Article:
Drone delivery has been in the news frequently recently, as both UPS and Wing claim firsts in commercial drone delivery in the U.S. Wing is now delivering commercial goods within a town in Virginia: UPS is delivering blood samples at medical campuses. These are important steps forward for commercial drone delivery – but the flights are of limited distance. At an undisclosed military facility in the Western U.S., however, medical drone delivery heroes Zipline have been working with the Department of Defense to prove drone technology can be lifesaving in combat situations – and they flew what the company describes as “the longest-range commercial drone delivery flight in U.S. history: a 79-mile round trip delivery flight at an average speed of 64 miles per hour.”
That’s a further demonstration of the potential for drone delivery, and a demonstration held here in the U.S., while most of Zipline’s deliveries have been made overseas. It’s also a potential game changer for both soldiers and civilians in combat situations, as Zipline proves that drones can deliver life-saving medical supplies and critical care in conflict and disaster relief scenarios.
ZIPLINE DEPLOYS MEDICAL DRONE DELIVERY TECHNOLOGY
TO AUSTRALIA DURING MULTINATIONAL MILITARY FORCES EXERCISES
Could Redefine Lifesaving Care in Combat, Humanitarian And Disaster Relief Scenarios
Comes on the heels of longest-range commercial drone delivery in US history
HALF MOON BAY, CA Tuesday, October 22nd— Zipline, the world’s first and only national scale drone delivery service, announced that it has successfully forward-deployed to Australia to pilot its life-saving technology during multinational forces exercises with the United States Marine Corps (USMC) and the Australian Defense Force (ADF). The goal of the deployment was to show how Zipline’s logistics network of autonomous delivery drones could help transform emergency medicine and critical care in conflict, as well as in humanitarian and disaster relief scenarios.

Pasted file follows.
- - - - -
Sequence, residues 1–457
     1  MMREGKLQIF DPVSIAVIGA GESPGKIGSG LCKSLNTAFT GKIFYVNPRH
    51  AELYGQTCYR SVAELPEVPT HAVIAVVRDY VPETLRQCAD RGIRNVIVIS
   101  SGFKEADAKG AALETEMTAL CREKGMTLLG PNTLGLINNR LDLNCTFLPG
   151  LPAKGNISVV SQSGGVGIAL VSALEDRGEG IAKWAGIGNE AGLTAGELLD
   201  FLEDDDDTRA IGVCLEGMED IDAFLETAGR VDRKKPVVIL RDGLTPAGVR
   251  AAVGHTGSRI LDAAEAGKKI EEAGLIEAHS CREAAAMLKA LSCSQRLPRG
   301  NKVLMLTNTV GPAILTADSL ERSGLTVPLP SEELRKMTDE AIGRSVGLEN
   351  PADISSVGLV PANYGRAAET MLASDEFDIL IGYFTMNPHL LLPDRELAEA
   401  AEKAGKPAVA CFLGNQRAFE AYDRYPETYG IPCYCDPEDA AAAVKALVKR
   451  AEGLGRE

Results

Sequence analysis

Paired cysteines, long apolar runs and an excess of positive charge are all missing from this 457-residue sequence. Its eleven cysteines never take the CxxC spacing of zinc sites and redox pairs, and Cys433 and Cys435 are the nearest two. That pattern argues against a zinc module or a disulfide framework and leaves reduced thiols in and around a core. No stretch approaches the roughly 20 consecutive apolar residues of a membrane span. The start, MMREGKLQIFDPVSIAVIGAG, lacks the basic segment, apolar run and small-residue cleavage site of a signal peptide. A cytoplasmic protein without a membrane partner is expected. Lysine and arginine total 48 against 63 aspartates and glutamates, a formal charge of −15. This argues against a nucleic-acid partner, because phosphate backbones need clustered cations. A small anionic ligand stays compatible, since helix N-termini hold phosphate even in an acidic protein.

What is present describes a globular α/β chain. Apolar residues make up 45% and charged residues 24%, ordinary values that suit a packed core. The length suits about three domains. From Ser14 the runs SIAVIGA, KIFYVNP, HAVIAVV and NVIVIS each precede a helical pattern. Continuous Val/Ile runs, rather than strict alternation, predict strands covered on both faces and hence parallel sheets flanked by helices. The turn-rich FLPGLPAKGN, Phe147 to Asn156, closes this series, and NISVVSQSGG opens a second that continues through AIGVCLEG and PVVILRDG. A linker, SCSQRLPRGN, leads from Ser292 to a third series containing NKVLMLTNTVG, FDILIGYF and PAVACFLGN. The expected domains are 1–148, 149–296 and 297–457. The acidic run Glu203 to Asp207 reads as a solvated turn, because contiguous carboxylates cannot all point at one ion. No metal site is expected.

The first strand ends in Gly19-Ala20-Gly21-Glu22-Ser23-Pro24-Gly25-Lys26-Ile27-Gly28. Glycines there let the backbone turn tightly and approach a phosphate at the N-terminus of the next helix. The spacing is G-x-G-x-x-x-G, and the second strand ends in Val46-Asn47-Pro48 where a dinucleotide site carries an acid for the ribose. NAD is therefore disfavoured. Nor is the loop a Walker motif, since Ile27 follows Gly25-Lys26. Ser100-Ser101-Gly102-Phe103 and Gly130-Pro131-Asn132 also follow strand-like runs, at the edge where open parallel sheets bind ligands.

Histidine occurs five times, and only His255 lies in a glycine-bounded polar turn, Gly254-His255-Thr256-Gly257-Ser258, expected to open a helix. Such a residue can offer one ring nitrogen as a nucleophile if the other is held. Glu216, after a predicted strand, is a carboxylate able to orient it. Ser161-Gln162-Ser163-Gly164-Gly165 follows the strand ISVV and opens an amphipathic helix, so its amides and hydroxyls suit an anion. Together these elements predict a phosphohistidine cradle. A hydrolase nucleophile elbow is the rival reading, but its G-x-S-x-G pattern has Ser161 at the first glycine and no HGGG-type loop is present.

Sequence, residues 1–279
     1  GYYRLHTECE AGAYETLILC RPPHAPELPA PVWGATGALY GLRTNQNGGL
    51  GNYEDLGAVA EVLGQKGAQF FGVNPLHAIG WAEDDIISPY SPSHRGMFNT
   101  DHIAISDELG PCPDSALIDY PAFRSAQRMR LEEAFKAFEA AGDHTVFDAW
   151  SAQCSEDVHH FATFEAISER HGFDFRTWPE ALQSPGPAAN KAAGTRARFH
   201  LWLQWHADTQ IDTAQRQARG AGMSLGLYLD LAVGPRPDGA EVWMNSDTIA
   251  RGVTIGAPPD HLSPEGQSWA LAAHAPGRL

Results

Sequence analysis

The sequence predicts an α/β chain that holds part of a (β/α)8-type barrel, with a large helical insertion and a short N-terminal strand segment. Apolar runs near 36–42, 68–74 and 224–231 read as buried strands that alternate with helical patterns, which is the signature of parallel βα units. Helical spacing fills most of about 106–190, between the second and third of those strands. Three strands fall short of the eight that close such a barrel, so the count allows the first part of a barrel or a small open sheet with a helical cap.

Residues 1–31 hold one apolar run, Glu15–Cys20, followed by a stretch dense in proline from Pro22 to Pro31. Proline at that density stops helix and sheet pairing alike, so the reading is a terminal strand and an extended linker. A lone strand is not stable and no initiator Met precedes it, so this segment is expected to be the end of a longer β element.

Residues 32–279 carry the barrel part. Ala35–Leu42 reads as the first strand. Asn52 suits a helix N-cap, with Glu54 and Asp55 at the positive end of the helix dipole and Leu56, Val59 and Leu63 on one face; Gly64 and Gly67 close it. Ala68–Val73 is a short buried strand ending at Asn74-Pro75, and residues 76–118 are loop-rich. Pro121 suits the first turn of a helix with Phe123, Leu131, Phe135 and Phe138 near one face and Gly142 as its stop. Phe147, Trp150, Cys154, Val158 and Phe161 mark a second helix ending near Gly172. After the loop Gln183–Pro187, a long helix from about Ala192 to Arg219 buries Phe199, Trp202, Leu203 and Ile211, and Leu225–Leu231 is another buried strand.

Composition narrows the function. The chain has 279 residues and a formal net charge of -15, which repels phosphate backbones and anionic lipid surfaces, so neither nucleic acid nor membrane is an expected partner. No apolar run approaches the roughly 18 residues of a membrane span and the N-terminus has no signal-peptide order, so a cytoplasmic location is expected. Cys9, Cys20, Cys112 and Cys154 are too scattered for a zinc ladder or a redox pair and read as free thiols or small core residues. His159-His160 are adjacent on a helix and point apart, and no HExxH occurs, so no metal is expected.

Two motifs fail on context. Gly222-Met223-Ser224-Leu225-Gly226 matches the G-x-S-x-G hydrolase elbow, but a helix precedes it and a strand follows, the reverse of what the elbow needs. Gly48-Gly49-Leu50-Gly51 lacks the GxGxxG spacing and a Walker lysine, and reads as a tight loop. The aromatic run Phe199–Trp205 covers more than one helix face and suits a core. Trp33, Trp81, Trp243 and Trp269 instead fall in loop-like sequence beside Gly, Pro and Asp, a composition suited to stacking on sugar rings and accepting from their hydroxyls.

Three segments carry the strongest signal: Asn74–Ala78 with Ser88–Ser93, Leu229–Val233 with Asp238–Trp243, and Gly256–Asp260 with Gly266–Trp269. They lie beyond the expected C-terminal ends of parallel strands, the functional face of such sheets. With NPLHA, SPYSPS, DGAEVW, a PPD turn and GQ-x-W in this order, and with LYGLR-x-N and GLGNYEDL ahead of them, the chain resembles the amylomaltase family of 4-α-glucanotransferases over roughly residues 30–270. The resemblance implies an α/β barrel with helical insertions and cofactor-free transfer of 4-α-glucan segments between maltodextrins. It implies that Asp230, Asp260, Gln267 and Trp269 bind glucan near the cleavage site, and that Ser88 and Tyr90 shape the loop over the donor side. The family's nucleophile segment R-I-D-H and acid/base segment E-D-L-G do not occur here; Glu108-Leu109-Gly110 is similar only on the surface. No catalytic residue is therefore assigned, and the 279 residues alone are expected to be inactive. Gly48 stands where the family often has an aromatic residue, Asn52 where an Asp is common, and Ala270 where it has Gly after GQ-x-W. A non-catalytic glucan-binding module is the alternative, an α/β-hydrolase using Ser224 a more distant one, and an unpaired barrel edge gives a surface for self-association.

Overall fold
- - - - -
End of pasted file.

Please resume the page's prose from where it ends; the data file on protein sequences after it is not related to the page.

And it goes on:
“The U.S. military is one of the largest providers of life-saving health care and critical aid in conflict, humanitarian and disaster relief scenarios around the world,” said Zipline CEO Keller Rinaudo. “Zipline is proud to partner with the Defense Department because our goal is to get people the care they need to stay healthy and alive no matter where they are in the world and no matter the circumstances.”
The medical drone delivery exercises in Australia were part of a collaboration between Zipline, The Defense Innovation Unit (DIU), and The Naval Medical Research Center’s Naval Advanced Medical Development (NMRC-NAMD). DIU works to accelerate commercial technologies to solve DoD challenges. And NMRC-NAMD is focused on enhancing the readiness, survivability, and resilience of Sailors and Marines. The goal of the exercise was to provide the military with the ability to evaluate how this new technology could instantly deliver critical and life-saving supplies during combat.
“DIU’s makes it possible for cutting-edge, civilian technology companies like Zipline to serve our country, which is a privilege,” said Rinaudo. “We look forward to continuing working with them.”